NLC to Commence Two-days Warning Strike from Tuesday

The Nigeria Labour Congress (NLC) has issued a threat to disrupt the economy, initiating with a two-day warning strike scheduled for next week.

This warning strike is set to take place on Tuesday, September 5, and Wednesday, September 6, as announced following a National Executive Council (NEC) meeting held by the Congress on Thursday.

During a press briefing on Friday, Comrade Joe Ajaero, the President of NLC, read the resolution, stating, "NEC, in session of NLC, resolved to embark on a total and indefinite shutdown of the nation within 14 working days or 21 days from today until steps are taken by the government to address the excruciating mass suffering and the impoverishment experienced around the country."

The NLC intends to kick off this action with a two-day warning strike to demonstrate their readiness for an indefinite strike later in the month. Additionally, they demand that the government vacates the illegally occupied national headquarters of the National Union of Road Transport Workers.

Furthermore, the NLC has resolved to stage a mass protest and rally in Imo State within September.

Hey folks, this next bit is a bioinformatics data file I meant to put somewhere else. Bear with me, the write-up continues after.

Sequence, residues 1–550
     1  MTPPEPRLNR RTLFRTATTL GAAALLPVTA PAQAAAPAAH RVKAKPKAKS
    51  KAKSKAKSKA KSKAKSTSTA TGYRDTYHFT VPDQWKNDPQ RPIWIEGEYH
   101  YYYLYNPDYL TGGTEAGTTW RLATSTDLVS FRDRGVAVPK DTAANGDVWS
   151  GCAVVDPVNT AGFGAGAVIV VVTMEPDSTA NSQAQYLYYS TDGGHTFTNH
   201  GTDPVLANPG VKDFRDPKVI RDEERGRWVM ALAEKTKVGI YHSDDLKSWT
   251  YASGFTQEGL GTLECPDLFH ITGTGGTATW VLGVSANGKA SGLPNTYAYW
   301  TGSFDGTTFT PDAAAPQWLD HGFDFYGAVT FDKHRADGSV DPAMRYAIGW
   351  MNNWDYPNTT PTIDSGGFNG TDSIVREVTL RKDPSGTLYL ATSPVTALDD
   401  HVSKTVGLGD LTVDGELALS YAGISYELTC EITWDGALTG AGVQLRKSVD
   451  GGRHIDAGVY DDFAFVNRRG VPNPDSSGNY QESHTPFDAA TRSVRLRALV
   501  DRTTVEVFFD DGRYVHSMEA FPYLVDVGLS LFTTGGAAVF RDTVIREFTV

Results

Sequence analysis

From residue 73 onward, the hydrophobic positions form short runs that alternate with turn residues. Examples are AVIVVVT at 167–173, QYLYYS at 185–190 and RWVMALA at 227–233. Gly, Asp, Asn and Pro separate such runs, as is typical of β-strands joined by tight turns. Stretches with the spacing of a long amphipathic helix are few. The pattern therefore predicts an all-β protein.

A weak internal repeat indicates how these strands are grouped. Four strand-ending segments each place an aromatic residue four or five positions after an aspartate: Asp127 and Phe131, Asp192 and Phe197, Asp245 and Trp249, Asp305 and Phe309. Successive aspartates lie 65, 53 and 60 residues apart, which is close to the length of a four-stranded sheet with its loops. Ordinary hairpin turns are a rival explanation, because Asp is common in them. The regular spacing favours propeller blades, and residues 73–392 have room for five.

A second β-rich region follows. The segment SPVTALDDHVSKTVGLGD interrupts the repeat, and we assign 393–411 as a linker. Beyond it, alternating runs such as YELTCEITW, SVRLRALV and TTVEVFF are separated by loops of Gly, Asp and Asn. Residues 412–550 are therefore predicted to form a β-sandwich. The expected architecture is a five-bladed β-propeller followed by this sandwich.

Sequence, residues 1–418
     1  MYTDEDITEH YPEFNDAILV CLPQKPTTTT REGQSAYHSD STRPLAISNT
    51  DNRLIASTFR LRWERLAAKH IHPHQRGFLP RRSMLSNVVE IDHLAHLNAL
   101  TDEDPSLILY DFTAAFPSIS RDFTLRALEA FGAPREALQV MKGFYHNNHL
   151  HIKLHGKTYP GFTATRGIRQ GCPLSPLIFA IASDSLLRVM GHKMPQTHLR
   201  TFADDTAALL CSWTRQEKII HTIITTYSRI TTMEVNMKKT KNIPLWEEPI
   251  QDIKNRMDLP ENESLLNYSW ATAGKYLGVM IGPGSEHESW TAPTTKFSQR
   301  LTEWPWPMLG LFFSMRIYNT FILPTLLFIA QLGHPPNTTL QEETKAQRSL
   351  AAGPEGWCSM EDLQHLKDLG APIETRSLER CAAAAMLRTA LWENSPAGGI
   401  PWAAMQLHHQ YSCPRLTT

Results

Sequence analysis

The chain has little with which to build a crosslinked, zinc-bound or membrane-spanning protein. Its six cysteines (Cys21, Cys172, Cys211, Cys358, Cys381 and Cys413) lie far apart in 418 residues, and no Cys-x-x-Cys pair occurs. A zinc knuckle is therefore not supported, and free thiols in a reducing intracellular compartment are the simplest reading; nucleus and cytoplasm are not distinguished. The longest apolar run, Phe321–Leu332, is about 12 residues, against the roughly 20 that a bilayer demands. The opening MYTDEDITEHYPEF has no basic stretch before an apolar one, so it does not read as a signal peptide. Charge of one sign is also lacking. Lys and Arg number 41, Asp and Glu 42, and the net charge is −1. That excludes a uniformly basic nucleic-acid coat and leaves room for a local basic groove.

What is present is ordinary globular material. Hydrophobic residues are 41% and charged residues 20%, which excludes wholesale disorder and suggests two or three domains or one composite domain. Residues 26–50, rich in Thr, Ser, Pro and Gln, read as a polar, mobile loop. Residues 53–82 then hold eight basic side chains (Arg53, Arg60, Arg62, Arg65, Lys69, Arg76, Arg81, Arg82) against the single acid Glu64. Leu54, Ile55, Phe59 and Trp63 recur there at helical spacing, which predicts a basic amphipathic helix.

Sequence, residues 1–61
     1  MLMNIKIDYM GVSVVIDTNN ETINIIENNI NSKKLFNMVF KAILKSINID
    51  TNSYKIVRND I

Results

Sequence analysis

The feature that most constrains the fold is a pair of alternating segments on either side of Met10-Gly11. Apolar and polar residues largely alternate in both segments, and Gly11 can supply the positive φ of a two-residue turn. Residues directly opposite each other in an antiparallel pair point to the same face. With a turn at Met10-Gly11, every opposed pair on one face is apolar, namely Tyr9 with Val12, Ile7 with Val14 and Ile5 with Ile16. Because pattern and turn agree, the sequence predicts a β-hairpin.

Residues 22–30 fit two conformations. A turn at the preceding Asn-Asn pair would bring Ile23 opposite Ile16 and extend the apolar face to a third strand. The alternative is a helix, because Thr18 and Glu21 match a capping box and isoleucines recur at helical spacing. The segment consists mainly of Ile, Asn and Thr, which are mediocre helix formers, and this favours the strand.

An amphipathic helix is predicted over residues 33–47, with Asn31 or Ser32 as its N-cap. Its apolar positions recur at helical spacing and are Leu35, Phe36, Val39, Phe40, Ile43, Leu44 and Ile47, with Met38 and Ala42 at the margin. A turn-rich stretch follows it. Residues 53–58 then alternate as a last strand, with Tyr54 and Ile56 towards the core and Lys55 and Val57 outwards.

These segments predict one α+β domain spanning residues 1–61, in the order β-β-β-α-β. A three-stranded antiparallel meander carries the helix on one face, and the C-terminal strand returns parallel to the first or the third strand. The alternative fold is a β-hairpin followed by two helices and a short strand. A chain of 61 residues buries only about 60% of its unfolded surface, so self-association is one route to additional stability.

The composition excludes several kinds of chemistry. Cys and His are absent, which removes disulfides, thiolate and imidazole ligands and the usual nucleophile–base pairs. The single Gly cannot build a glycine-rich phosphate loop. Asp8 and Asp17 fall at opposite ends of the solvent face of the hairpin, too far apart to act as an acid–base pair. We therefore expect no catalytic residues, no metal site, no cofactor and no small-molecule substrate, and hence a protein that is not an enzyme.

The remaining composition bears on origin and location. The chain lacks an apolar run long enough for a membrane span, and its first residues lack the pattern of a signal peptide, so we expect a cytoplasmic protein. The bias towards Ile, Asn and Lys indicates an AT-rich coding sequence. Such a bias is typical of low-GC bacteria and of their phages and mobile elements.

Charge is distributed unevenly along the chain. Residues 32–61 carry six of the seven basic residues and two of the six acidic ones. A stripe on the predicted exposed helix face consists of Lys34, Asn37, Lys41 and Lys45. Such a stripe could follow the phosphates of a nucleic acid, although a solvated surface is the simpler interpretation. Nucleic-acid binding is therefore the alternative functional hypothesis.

The NLC expressed concern over what they described as a renewed onslaught by the government and its agents against labor unions. Ajaero explained that the proposed strike action became necessary due to the government's deliberate neglect and disregard for engaging relevant stakeholders through the channel of social dialogue.

According to him, the Federal Government has refused to engage and reach an agreement with organized labor on critical issues stemming from the unfortunate hike in petroleum prices, which has inflicted significant suffering on Nigerian workers and the general population.

Ajaero also noted that there is an intensified attack on trade unions and their leadership by various states and their agents across Nigeria.

He cited an incident in which the police, acting under the instructions of certain forces purporting to represent the President of Nigeria, unlawfully occupied the national headquarters of the National Union of Road Transport Workers, seeking to install their own executive.

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